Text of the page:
On the Eve of Barrett Hearing: The Selling of RBG Was the Peddling of Destruction
NOTE: Confirmation hearings begin Monday morning for Amy Coney Barrett, nominated by President Trump to replace Ruth Bader Ginsburg on the Supreme Court. As we wait for those hearings to start, Stream contributor Joseph D’Hippolito reflects one last time on the pop culture figure Barrett will be replacing. And the damage left in her wake.
Pop culture’s influencers stoke the star-maker machinery behind more than popular singers, actors, athletes and comic-book heroes.
Exhibits A-Z: Ruth Bader Ginsburg.
No other Supreme Court Justice has been marketed with such fervor and variety. Films. T-shirts. Coffee mugs. Greeting cards. Action figures. Plush dolls. Bobbleheads. Stickers. Pins. Covid-19 face masks. Women’s socks. Finger puppets. Votive candles.
Take Christmas. No “woke” household would be complete without a white oval tree ornament bearing Ginsburg’s stern visage and the message, “Merry Resistmas.”
But pop culture’s obsession with Ginsburg goes beyond merchandising.
‘Protected at Any Cost’
In November 2018, Ginsburg broke three ribs during a fall and went to the hospital. Twitter immediately erupted with volunteer organ donors.
“If Ruth Bader Ginsburg needs any of my bones or internal organs, I don’t need them,” tweeted actress Leslie Grossman.
Jimmy Kimmel used his talk show to offer Ginsburg a large plastic bubble. “For obvious reasons,” Kimmel said, she “must be protected at any cost.”
Why? Because pop culture embraces and promotes the radical political values Ginsburg advocated throughout her career. Most of today’s controversies concerning diversity and gender result directly from the values she expressed in her influential legal work.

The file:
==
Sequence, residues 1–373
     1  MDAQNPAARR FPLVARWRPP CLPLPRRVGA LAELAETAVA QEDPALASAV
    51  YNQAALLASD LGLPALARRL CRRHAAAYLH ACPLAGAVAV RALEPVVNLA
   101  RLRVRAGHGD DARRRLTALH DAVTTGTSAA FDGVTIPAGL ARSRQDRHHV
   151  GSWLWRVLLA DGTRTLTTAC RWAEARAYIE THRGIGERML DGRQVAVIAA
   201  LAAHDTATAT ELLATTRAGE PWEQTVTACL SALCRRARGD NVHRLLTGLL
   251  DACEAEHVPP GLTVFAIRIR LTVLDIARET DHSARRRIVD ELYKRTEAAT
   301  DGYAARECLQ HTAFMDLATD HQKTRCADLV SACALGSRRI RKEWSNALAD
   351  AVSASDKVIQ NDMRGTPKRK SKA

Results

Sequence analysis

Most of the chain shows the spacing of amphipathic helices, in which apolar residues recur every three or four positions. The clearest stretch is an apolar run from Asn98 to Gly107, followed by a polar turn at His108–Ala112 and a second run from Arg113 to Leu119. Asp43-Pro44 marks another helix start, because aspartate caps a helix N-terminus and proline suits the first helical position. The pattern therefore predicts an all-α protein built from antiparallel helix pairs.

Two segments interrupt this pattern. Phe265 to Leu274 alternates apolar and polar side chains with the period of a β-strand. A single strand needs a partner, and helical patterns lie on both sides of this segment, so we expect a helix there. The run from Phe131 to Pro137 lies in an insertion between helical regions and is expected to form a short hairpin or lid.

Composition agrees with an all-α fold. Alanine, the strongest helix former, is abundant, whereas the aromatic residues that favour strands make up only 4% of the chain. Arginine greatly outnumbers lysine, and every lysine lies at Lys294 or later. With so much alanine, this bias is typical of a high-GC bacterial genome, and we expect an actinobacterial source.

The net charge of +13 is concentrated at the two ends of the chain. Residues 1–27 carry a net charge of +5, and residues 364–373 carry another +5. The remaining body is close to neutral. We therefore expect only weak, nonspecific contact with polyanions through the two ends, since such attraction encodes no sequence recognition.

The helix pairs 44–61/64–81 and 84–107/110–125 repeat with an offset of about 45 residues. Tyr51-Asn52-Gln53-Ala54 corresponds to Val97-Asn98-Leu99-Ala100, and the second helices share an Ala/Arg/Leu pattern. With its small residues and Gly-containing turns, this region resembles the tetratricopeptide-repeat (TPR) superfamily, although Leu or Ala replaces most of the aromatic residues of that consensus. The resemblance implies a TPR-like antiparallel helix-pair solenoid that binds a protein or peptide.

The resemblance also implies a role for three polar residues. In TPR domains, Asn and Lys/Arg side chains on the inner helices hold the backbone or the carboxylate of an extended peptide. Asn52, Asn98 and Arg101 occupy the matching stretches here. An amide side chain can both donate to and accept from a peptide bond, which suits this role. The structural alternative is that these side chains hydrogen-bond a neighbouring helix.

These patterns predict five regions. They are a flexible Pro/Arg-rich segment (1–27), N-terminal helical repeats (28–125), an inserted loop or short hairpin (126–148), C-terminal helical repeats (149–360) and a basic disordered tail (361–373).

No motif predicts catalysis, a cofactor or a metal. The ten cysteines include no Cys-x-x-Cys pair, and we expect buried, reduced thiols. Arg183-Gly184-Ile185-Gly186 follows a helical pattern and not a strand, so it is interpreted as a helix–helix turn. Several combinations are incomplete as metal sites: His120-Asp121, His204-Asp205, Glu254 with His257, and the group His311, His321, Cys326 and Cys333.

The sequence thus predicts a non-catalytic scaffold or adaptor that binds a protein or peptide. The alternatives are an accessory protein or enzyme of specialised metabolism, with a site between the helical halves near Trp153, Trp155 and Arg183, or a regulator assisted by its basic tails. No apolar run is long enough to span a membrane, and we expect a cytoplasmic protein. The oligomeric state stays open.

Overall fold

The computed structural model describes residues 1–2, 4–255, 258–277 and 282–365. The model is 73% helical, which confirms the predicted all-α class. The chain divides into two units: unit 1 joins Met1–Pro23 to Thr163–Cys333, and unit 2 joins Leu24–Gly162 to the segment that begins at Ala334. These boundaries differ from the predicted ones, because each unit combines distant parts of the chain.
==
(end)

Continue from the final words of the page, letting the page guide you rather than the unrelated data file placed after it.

As a law professor at Columbia in 1977, Ginsburg and another feminist lawyer, Brenda Feigen-Fasteau, wrote Sex Bias in U.S. Code for the United States Commission on Civil Rights. That book amplified the concepts they addressed in 1974 in The Legal Status of Women under Federal Law. Both reports advised changing the federal code to eliminate possible discrimination against women.
But Ginsburg and Feigen-Fasteau also sought to dictate social conditions that would ban legitimate gender distinctions as well. Both wanted a utopian egalitarianism justified by what they called “the equal rights principle.”
“The equal rights principle looks toward a world in which men and women function as full and equal partners, with artificial barriers removed and opportunity unaffected by a person’s gender,” their report stated. “Preparation for such a world requires elimination of sex separation in all public institutions where education and training occur. While the personal privacy principle permits maintenance of separate sleeping and bathing facilities, no other facilities, e.g., work, school, or cafeteria, should be maintained for one sex only.”
Achieving that goal meant rewriting federal code to replace all gender-specific language, including pronouns, with neutered terms. Ginsburg and Feigen-Fasteau sought to replace such terms as “manpower” with “human resources” and “chairman” with “chairperson.” Both advocated using “he/she,” “hers/his” and “her/him” for third-person singular pronouns, even using “plural constructions” to avoid such pronouns.